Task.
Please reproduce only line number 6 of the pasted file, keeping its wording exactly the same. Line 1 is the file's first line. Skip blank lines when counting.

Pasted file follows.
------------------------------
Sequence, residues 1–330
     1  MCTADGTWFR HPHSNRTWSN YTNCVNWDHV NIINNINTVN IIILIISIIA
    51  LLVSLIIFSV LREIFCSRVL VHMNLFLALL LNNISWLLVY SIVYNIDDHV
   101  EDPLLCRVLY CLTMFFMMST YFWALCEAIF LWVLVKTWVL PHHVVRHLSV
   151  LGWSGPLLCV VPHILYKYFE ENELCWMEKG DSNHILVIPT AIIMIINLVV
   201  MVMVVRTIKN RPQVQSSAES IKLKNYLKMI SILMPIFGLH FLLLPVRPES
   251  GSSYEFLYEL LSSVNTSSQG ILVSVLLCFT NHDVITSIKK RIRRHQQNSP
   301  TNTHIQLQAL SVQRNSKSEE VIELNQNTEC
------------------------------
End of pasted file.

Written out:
   201  MVMVVRTIKN RPQVQSSAES IKLKNYLKMI SILMPIFGLH FLLLPVRPES